Officials at Working America, the AFL-CIO’s non-union affiliate, believe they may have found a path toward long-term financial viability — and it runs through the Affordable Care Act.

The big question for so-called alt-labor groups like Working America — which have been sprouting up as the ranks of traditional unions dwindle — is how they can become self-sustaining outside the framework of collective bargaining. Unlike a traditional union, this labor group for people who aren’t union members doesn’t have a large base of dues-paying members to fund its programs and politics.

What it does have now is a deal with GoHealth, a private insurance exchange, to guide its members and would-be members into health plans available under the law better known as Obamacare. Working America, in turn, will receive a piece of the commission paid out by insurance carriers for each plan issued.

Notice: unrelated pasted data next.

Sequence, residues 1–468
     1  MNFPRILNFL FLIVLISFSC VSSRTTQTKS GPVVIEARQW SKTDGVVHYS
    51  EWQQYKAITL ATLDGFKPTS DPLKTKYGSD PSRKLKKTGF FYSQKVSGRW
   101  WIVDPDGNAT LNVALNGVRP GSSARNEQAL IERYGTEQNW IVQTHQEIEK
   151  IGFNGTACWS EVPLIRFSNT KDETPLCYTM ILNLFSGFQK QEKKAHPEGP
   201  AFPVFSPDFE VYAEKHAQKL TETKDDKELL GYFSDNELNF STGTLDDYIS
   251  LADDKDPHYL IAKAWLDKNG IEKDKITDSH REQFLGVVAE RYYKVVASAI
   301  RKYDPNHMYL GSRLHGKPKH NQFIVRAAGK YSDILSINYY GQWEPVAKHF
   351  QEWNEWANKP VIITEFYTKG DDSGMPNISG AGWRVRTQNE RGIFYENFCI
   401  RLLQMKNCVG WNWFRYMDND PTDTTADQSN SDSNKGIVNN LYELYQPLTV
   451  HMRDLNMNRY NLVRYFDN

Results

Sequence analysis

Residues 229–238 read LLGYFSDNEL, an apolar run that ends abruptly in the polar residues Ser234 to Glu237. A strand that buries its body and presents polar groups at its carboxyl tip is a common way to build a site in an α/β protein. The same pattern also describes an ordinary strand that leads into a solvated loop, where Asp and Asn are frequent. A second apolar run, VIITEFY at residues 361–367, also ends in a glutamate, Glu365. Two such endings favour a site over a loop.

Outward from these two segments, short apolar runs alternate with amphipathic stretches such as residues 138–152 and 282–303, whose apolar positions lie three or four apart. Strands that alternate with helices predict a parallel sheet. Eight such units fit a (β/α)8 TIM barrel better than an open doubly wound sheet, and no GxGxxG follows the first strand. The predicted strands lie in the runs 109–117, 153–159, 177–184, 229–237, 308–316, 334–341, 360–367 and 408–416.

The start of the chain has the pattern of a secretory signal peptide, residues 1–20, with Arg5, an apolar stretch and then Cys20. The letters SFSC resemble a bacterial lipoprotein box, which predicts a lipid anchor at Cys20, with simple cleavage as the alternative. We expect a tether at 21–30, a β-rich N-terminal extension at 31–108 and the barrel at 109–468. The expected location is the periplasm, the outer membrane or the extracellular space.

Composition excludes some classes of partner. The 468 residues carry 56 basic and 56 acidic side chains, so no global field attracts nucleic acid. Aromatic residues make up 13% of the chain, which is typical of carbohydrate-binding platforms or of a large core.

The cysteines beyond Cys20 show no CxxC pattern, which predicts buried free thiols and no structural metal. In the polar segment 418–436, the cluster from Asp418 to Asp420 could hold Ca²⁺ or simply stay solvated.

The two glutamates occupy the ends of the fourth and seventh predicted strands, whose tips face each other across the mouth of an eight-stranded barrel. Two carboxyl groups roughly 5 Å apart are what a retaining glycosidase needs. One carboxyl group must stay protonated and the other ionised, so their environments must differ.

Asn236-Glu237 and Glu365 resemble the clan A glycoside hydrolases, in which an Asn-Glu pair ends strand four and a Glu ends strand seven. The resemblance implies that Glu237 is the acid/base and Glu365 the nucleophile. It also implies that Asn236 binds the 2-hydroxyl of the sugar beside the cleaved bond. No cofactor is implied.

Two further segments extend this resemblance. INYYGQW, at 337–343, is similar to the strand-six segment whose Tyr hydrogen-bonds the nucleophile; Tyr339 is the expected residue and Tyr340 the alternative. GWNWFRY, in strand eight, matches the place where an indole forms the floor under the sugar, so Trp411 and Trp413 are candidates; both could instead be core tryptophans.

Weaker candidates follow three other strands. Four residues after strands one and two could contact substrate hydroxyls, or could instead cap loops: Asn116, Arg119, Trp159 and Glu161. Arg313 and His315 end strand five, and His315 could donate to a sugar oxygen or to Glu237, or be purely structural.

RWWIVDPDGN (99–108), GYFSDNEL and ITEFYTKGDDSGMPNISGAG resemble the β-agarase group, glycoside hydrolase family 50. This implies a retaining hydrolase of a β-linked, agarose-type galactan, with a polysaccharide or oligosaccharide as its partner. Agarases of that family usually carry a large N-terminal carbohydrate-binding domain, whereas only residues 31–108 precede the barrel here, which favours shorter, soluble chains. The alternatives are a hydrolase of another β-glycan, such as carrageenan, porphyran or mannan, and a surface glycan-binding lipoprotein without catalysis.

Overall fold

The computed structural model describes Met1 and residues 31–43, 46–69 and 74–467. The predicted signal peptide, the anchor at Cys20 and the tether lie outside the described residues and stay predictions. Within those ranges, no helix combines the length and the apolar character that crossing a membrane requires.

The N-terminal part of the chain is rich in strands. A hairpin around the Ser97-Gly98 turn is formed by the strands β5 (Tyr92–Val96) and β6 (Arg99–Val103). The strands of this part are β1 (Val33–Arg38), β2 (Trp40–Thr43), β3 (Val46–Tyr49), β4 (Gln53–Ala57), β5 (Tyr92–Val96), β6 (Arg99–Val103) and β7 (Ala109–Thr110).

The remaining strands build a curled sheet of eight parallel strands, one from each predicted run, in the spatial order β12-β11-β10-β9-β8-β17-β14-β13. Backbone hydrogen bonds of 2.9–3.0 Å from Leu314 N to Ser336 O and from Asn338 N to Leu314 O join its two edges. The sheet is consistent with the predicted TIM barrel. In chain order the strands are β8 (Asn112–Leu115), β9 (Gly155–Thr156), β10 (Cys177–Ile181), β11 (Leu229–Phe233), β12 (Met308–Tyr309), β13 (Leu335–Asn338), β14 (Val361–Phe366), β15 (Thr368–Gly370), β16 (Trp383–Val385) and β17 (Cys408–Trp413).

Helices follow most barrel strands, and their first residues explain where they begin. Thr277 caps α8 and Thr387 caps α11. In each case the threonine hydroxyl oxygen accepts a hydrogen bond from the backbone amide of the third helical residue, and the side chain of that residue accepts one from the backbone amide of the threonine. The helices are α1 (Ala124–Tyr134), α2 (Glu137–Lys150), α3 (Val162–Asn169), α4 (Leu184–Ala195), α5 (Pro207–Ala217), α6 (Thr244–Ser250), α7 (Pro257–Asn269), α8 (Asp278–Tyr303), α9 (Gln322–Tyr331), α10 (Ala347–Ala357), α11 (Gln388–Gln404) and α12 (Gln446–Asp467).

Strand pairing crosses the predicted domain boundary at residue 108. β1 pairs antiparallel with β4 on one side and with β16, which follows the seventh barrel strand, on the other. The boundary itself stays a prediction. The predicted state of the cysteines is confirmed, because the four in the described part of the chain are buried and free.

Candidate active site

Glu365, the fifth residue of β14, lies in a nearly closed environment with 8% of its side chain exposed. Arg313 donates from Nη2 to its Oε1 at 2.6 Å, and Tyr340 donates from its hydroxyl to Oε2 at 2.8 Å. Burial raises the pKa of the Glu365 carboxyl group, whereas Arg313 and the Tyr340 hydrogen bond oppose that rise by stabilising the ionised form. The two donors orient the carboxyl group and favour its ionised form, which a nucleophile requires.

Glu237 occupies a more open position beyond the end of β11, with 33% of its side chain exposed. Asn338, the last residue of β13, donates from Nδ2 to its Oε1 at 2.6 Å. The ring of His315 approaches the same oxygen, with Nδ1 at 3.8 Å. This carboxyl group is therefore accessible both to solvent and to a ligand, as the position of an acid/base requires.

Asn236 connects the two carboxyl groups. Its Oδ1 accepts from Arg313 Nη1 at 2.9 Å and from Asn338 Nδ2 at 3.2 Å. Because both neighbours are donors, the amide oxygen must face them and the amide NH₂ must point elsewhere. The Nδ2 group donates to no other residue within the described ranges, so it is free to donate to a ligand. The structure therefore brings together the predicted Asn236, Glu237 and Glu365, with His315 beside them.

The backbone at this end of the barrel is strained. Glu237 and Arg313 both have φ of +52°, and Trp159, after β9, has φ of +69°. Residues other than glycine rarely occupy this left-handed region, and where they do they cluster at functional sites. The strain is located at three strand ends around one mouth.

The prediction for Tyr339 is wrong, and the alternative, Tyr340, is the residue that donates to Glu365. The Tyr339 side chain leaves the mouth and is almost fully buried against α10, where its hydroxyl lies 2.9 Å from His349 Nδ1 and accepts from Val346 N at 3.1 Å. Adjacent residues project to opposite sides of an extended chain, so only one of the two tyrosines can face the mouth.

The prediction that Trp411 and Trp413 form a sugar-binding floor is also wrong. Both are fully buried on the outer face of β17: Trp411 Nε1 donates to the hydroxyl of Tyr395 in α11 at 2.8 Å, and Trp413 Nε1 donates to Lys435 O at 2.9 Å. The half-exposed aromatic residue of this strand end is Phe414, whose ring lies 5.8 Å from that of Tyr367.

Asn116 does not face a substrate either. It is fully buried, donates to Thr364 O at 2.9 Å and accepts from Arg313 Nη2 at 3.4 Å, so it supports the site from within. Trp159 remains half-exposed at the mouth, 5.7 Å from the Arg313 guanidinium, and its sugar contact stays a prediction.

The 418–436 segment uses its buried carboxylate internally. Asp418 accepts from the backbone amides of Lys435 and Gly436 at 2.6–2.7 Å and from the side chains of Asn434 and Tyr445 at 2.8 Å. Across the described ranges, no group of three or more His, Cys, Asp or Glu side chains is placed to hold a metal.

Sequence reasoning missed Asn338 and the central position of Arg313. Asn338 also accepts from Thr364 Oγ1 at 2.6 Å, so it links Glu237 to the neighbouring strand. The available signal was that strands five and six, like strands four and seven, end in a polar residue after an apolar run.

The Affordable Care Act strategy is Working America’s most promising funding lead yet, said Karen Nussbaum, the group’s executive director.

“The non-collective bargaining organizations are all dependent on unions or foundations. None of them are within a whisper of becoming self-sufficient,” said Nussbaum. “So this becomes a really rare opportunity to achieve that.”

Nobody has to use a private broker to obtain health coverage under Obamacare. People can simply go to or a state online exchange and shop for themselves. But Working America is betting that its members will appreciate the hand-holding of agents, who come at no extra cost, as they assess a complicated product in a confusing new marketplace.

That sort of assistance could be good for Obamacare, too. Outside brokers and agents were critical in helping early enrollment under the Affordable Care Act surpass expectations, with a lot of customers turning to one-on-one guidance to navigate the exchanges. For Working America, this is one way to get more people enrolled in Obamacare and more people enlisted in the labor movement.

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Jeffrey R. Ungvary President

Jeffrey R. Ungvary